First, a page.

Access to the full content is only available to members of institutions that have purchased access. If you belong to such an institution, please log in or find out more about how to order.


Print

Contents

Rousseau, Jean-Jacques (1712–78)

DOI
10.4324/9780415249126-DB060-1
DOI: 10.4324/9780415249126-DB060-1
Version: v1,  Published online: 1998
Retrieved April 24, 2018, from https://www.rep.routledge.com/articles/biographical/rousseau-jean-jacques-1712-78/v-1

Article Summary

Rousseau was born in Geneva, the second son of Isaac Rousseau, watchmaker. His mother died a few days after his birth. From this obscure beginning he rose to become one of the best known intellectual figures of the eighteenth-century French Enlightenment, taking his place alongside Diderot, Voltaire and others as one of the emblematic figures of this period, for all that he came to differ violently in view from them. He died in 1778 and in 1794 his body was transferred to the Panthéon in Paris.

Rousseau always maintained that he regretted taking up a career of letters. His first love was music and he composed a number of operas in the 1740s with some success. The turning point in his life occurred in July 1749. He was on his way to see his then friend Diderot who was imprisoned at Vincennes. He read in the newspaper a prize essay question, asking whether advances in the sciences and arts had improved morals. So overcome was he by the flood of ideas that this question aroused in him the realization that he had to break his journey. The rest of his life’s work was, he claimed, determined for him at that moment. Rousseau’s primary claim to fame depends on his ideas about morals, politics and society. Perhaps his best-known remark is ‘Man is born free; and everywhere he is in chains’; this reveals his preoccupation with issues of freedom in the state.

In answer to the prize essay question Rousseau argued that men and morals were corrupted and debilitated by advances in higher learning. The goal of prestigious distinction is substituted for that of doing useful work for the good of all. This theme, of people seeking invidious ascendancy by doing others down – the effect of exacerbated amour-propre – pervades Rousseau’s social theorizing generally. His essay, Discourse on the Sciences and Arts (1750), won the prize; related concerns shape the more profound Discourse on the Origin of Inequality of 1755. In his most famous work of political theory, The Social Contract (1762), Rousseau presents an alternative approach to how we might achieve a just and legitimate civil order. All members of society should take an equal place as members of the sovereign authority and societal laws should come from the general will by which a people gives rules to itself. Only under such a system, Rousseau argues, will humankind live on equal terms bound by fraternal ties, enjoying as much freedom and rights of self-determination as is possible in a stable community. Speaking up in this way for the equal political standing of all, regardless of birth or wealth, Rousseau points the way towards the dissolution of the ancien régime and the emergence of more democratically based polities. Precisely what influence his ideas had on the French Revolution is impossible to determine, although his name was often invoked.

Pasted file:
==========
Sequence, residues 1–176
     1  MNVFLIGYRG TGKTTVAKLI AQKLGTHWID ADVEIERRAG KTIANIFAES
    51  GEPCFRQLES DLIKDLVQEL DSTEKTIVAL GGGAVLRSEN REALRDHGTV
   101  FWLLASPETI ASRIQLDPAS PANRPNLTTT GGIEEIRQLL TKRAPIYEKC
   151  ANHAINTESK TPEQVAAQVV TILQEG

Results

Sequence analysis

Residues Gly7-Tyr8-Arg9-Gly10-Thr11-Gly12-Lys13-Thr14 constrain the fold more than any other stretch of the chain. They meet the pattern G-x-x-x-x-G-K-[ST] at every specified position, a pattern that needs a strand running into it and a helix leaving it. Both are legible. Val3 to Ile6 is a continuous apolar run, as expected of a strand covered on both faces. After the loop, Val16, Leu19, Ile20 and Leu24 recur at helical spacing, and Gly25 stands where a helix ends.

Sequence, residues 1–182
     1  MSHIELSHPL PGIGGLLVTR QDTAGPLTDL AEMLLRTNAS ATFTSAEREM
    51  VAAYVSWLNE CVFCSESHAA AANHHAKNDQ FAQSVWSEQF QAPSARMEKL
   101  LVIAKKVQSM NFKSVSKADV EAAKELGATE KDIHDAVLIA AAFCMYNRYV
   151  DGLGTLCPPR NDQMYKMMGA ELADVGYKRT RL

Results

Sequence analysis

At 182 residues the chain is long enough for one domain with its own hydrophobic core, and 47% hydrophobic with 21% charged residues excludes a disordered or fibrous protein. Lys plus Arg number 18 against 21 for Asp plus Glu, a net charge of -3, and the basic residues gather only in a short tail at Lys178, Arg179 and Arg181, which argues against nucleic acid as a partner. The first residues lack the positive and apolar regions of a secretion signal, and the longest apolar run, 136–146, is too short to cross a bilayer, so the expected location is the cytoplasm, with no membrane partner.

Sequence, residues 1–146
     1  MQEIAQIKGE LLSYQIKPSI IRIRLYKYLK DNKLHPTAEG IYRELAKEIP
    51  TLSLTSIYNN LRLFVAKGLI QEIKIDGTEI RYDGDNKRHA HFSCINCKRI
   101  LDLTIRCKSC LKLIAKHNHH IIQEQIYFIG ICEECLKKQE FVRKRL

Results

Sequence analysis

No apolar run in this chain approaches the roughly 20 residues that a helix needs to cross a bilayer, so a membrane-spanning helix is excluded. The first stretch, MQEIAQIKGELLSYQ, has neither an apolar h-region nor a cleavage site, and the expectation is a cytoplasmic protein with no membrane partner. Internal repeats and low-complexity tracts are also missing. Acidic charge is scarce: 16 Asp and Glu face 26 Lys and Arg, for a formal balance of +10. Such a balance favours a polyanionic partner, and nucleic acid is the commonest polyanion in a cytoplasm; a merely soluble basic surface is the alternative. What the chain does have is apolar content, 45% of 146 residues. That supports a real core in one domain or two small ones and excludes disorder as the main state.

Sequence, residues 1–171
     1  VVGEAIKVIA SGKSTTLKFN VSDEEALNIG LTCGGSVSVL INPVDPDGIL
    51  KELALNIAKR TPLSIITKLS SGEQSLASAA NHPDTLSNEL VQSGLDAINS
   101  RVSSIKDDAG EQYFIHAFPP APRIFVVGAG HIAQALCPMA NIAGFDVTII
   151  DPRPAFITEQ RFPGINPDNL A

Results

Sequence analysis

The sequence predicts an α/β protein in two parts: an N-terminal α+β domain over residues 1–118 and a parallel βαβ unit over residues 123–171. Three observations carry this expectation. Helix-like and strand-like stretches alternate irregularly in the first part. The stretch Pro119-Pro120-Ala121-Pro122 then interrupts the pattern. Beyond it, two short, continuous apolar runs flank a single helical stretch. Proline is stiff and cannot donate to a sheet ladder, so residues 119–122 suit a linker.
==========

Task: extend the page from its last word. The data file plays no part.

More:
Rousseau also wrote extensively on education. In his Émile (subtitled On Education, 1762) he tries to show how a child could be brought up free of the aggressive desire to dominate others. Instead that child can be caused to want to cooperate with others on a footing of mutual respect. He hopes by this to show that his social proposals are not an unrealizable dream. In this work there are also criticisms of religious dogma and church practices which brought severe condemnation onto Rousseau. He had to flee Paris in 1762 to avoid imprisonment. This, and other related experiences, plunged him into a protracted period of mental distress in which he feared he was the object of the plotting of others. These others came to include David Hume, with whom Rousseau had hoped to find refuge in England in 1766.

Still troubled in mind, Rousseau returned to France the next year, and during the last decade of his life he wrote several works of self-explanation and self-justification. The greatest of these is his autobiography, Confessions (written between 1764 and 1775, published posthumously), but there are other more prolix writings. After an accident in 1776, the worst of Rousseau’s mental disturbance seems to have cleared and his last substantive work, an album of miscellaneous reflections on his life, ideas and experiences (Reveries of the Solitary Walker, written 1776–8), has a clarity and balance which had been absent for so long.

Print
Citing this article:
Dent, Nicholas. Rousseau, Jean-Jacques (1712–78), 1998, doi:10.4324/9780415249126-DB060-1. Routledge Encyclopedia of Philosophy, Taylor and Francis, https://www.rep.routledge.com/articles/biographical/rousseau-jean-jacques-1712-78/v-1.
Copyright © 1998-2018 Routledge.

Related Searches

Topics

Periods

Related Articles